Chemistry - Mismatch of plane of symmetry vs Gold Book's definition for a pseudochiral carbon

Solution 1:

The Gold Book definition for a meso compound is

the achiral member(s) of a set of diastereoisomers which also includes one or more chiral members.

So, a meso compound has chiral subsets. Here we would have three such subsets:

  1. Leftmost carbon (2R)
  2. The centermost (pseudochiral 3S)
  3. The rightmost (4S) carbon

Even though the centermost carbon is pseudo chiral, the plane of symmetry still exists. The compound remains meso, achiral.

Nomenclature is just for naming a compound.

The following two molecules are diastereomers, not enantiomers.

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Solution 2:

For the examples I've looked at, a small (r) or (s) is used for the pseudochiral carbon instead of (R) or (S). For example, see this section in Wikipedia. That means that this is not a real stereocenter. But we do need to assign something because there is intrinsic stereochemistry because it has relative stereochemistry with the two enantiomeric substituents, and changing the center produces diastereomers. As you noted, the reason it's a pseudocenter is because it cannot be a full stereogenic center by symmetry.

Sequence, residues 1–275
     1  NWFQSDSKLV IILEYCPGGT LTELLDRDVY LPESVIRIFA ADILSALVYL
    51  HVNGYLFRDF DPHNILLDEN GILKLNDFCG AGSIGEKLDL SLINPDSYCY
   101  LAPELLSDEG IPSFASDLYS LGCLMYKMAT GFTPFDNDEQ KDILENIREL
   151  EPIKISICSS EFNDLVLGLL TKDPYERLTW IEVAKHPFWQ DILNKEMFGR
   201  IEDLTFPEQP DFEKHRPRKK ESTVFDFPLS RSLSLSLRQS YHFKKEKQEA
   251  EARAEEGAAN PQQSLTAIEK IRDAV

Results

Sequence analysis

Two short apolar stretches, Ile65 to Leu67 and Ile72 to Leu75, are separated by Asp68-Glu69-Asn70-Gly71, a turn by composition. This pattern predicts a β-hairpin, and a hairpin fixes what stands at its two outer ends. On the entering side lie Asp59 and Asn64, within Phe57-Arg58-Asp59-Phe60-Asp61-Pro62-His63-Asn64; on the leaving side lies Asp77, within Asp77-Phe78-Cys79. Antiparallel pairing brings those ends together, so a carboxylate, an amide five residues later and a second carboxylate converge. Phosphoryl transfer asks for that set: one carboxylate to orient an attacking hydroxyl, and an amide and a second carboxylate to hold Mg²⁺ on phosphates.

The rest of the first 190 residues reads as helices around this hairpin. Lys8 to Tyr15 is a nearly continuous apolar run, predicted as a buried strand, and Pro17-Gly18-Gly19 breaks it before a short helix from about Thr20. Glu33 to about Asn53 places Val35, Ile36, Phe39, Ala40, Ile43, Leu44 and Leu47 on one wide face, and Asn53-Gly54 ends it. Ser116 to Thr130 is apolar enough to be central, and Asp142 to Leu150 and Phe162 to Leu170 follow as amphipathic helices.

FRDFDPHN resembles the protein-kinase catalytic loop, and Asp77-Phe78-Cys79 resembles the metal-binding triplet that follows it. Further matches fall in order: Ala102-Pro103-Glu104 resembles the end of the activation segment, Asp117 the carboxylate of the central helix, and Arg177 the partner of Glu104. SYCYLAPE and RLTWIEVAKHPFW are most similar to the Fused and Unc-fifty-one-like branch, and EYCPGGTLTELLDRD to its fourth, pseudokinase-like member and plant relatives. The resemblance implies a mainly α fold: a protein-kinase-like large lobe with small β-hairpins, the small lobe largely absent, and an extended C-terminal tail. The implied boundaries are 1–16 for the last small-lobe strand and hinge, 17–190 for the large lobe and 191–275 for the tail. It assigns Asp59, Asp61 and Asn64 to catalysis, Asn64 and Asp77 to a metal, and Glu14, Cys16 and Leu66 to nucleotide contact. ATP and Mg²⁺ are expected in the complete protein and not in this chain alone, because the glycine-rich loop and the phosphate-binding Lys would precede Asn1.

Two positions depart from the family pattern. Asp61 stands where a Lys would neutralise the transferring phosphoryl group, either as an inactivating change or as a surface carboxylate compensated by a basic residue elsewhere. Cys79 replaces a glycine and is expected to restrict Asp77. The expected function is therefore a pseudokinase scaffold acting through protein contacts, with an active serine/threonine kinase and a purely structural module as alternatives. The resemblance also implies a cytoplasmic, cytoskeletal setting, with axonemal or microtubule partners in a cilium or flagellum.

Solution 3:

(2R,3s,4S)-Pentan-2,3,4-triol is a meso compound owing to the plane of symmetry. C2 and C4 are both chirotopic and stereogenic. Thus the R/S designation. C3 is ACHIROTOPIC and stereogenic (pseudoasymmetric). Hence, the lower case "s" (C3-OH>C2-R>C4-S>H, which are the CIP priorities). Inversion of C3 leads to a new meso diastereomer (2R,3r,4S) that has the same chirotopicity and stereogenicity at the three centers as did the original triol. To invoke enantiomers one needs the pair (2R,4R) and (2S,4S). C3 in each of these enantiomers has no designation (non-stereogenic and chirotopic) because inversion returns the same enantiomer. For a discussion of stereogenicity and chirotopicity in lieu of "pseudoasymmetry", see Mislow, K. and Siegel, J., J. Am. Chem. Soc., 1984, 106, 3319.